$.3b HYATT HITCH
Howai doesn’t like proposed settlement for hotel profits
Asha Javeed firstname.lastname@example.org
Finance and Economy Minister Larry Howai says financial settlement arrangements being proposed to settle a three-year-long arbitration between international hotel chain Hyatt Corporation and the Urban Development Corporation of Trinidad and Tobago (UDeCOTT), which would yield $300 million to the State enterprise, are not acceptable to Government.
Howai told the Sunday Express that UDeCOTT’s proposal, which seeks a Government guarantee, could burden the Exchequer with additional debt.
UDeCOTT contends that if the arbitration is settled, Hyatt will release the $300 million which it owes the State company in owner remittances.
Three years ago Hyatt Corporation, the manager of the Government-owned hotel on the Port of Spain Waterfront, initiated arbitration proceedings against UDeCOTT at the International Court of Arbitration for “multiple breaches” of its Hotel Management Agreement, which it signed in July 27, 2005.
Hyatt claimed that UDeCOTT’s transfer of its ownership interest and site (the property is leased from the Port Authority) to a subsidiary, the Port of Spain Waterfront Development Company Ltd (POSWDL) left it in doubt as to who was the rightful owner of some US$20 million in profits. Hyatt claimed it has been forced to place the funds in a separate account, pending resolution of this.
The profits accrued now stand at US$50 million).
In court documents, the hotel also claimed that its ability to provide management services was “severely compromised”, as UDeCOTT has refused to approve plans for the completion of the hotel and related services such as the construction of an additional food and beverage outlet and retail space, the upgrade of infrastructure as well as the management of the parking garage next to the hotel.
UDeCOTT’s counter claim was that Hyatt failed to pay distributions owed between 2008 and 2011 and the company’s claim that it is unsure as to whom the funds are entitled was “misconceived”.
The arbitration was suspended last year for three parties—Hyatt, UDeCOTT and the government—to work out a suitable multi-party agreement (MPA).
UDeCOTT and Hyatt agreed to certain terms- that the Government would provide a guarantee over the facility and that it would write to Hyatt stating that UDeCOTT was the rightful owner of the hotel.
UDeCOTT’s chief executive Kurt Ramlal, in a statement to the Sunday Express on Friday said:
“Hyatt and UDeCOTT entered into arbitration proceedings as a result of Hyatt’s refusal to pay monies due to UDeCOTT from the operation of the hotel since 2008. At this time the arbitration proceedings are in abeyance while the parties attempt to settle the matter.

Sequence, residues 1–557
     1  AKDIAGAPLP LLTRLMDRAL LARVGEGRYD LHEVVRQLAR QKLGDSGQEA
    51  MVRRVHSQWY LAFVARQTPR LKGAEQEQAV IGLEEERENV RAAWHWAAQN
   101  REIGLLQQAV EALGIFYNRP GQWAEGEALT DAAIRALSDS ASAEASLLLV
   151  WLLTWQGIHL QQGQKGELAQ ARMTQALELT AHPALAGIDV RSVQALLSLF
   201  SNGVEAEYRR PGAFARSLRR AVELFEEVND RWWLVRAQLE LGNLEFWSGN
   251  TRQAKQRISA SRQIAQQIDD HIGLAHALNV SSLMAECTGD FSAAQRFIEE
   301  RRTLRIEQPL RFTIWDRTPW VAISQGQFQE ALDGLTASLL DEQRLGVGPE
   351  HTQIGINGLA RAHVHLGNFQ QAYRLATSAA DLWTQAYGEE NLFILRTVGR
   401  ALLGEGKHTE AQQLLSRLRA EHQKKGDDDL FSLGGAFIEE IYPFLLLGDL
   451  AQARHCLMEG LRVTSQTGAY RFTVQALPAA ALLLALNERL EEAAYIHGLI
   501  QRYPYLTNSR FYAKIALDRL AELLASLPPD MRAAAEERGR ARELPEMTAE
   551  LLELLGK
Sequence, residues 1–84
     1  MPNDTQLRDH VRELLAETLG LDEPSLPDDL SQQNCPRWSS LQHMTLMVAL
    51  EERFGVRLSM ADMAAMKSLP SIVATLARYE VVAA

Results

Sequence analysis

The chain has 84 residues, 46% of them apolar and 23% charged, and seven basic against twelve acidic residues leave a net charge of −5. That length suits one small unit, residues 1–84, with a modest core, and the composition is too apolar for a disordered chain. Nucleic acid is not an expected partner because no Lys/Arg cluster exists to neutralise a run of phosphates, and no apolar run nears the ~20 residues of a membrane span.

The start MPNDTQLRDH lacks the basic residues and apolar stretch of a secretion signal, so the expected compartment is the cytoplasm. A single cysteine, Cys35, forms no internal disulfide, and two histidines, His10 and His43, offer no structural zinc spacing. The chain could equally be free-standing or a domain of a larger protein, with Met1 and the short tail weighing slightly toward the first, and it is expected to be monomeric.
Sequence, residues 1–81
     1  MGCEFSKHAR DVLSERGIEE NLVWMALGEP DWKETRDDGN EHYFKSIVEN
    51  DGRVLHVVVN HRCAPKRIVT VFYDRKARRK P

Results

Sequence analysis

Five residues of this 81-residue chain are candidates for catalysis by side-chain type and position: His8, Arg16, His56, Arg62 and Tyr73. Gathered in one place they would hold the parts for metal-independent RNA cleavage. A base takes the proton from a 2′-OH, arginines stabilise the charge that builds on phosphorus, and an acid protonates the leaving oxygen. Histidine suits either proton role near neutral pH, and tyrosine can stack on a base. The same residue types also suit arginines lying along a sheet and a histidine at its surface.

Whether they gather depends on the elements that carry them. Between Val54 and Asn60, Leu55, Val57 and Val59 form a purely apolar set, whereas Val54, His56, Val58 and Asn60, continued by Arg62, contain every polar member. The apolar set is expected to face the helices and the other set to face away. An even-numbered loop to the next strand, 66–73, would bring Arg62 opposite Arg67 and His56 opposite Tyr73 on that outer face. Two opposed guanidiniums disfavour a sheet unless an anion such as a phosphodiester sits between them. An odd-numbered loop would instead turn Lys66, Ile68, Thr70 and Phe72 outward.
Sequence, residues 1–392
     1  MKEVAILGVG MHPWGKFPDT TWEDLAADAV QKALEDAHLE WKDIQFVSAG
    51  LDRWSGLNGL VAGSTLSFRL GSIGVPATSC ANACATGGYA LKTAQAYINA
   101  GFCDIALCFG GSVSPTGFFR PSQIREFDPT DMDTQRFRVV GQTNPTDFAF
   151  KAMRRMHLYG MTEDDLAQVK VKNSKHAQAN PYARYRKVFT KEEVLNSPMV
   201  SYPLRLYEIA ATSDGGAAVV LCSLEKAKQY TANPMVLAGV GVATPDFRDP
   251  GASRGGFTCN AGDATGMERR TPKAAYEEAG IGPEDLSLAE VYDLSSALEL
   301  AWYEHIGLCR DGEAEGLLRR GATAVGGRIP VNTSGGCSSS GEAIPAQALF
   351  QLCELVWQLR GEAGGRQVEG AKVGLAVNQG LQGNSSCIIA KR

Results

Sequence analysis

The settlement involves the grant of a guarantee by the Government of Trinidad and Tobago to the Lenders in the Waterfront Project. The Guarantee has been approved for execution and now awaits the attention of the Minister of Finance.”
UDeCOTT chairman Jearlean John directed Sunday Express queries to director Shankar Bidaisee, who is also chairman of the company’s Hyatt Committee.
He said: “UDeCOTT prepared a brief outlining the draft MPA arrived at UDeCOTT and Hyatt, a draft letter to be signed by the minister along with other documents (including a legal opinion from attorney Akbar Ali) for his consideration. The ball is in his court.”
He noted that Hyatt was a profitable hotel and the increased revenues from Carnival would remain with the company until the matter is resolved.
In response to questions by the Sunday Express on Government’s delay in seeking a resolution to the impasse Howai said, “The settlement arrangements being proposed are not acceptable to Government.”
Howai explained that the mortgage over the property was security for a loan from US-based bank Wells Fargo.
That, he said, is different from the guarantee, which UDeCOTT proposed.
“What is now being requested is a Government Guarantee. Some years ago UDeCOTT had transferred the property into a separate company which gave rise to the arbitration,” he said.
“The original arrangement was for the Government to provide a mortgage over the facilities not a guarantee and we would prefer to retain the original arrangement rather than burden the Exchequer with any additional debt.”
The Sunday Express understands that POSWDL was not the only subsidiary company set up by UDeCOTT to manage its hotel business. The company had also set up the International Waterfront Resources Ltd (IWRL) to staff the hotel.
Sources told the Sunday Express that Hyatt’s insistence on not recognising UDeCOTT as the rightful owner, despite the fact that UDeCOTT’s bar licence is vested in its chief operating officer Greer Quan, had compromised its ability to upgrade the hotel as needed.
Despite not recognising UDeCOTT as the rightful owner of the hotel, last month Hyatt wrote to the State company seeking approval to host its annual Carnival fete, LIME, on February 26 which is budgeted at $4 million.
The Sunday Express tried unsuccessfully to contact Hyatt’s vice president of corporate communications Farley Kern, as well as its directors of corporate communications in the United States Amy Patti and Katie Rackoff for comment.